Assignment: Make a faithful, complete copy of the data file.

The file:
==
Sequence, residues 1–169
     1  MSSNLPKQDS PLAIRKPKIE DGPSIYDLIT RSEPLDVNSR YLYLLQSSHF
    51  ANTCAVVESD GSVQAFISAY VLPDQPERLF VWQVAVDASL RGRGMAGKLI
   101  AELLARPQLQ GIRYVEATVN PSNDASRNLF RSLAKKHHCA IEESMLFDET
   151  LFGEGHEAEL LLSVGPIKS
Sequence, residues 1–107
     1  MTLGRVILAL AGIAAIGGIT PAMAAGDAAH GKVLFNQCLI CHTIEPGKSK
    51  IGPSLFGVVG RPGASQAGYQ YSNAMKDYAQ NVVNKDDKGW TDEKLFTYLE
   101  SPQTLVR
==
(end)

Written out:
Sequence, residues 1–169
     1  MSSNLPKQDS PLAIRKPKIE DGPSIYDLIT RSEPLDVNSR YLYLLQSSHF
    51  ANTCAVVESD GSVQAFISAY VLPDQPERLF VWQVAVDASL RGRGMAGKLI
   101  AELLARPQLQ GIRYVEATVN PSNDASRNLF RSLAKKHHCA IEESMLFDET
   151  LFGEGHEAEL LLSVGPIKS
Sequence, residues 1–107
     1  MTLGRVILAL AGIAAIGGIT PAMAAGDAAH GKVLFNQCLI CHTIEPGKSK
    51  IGPSLFGVVG RPGASQAGYQ YSNAMKDYAQ NVVNKDDKGW TDEKLFTYLE
   101  SPQTLVR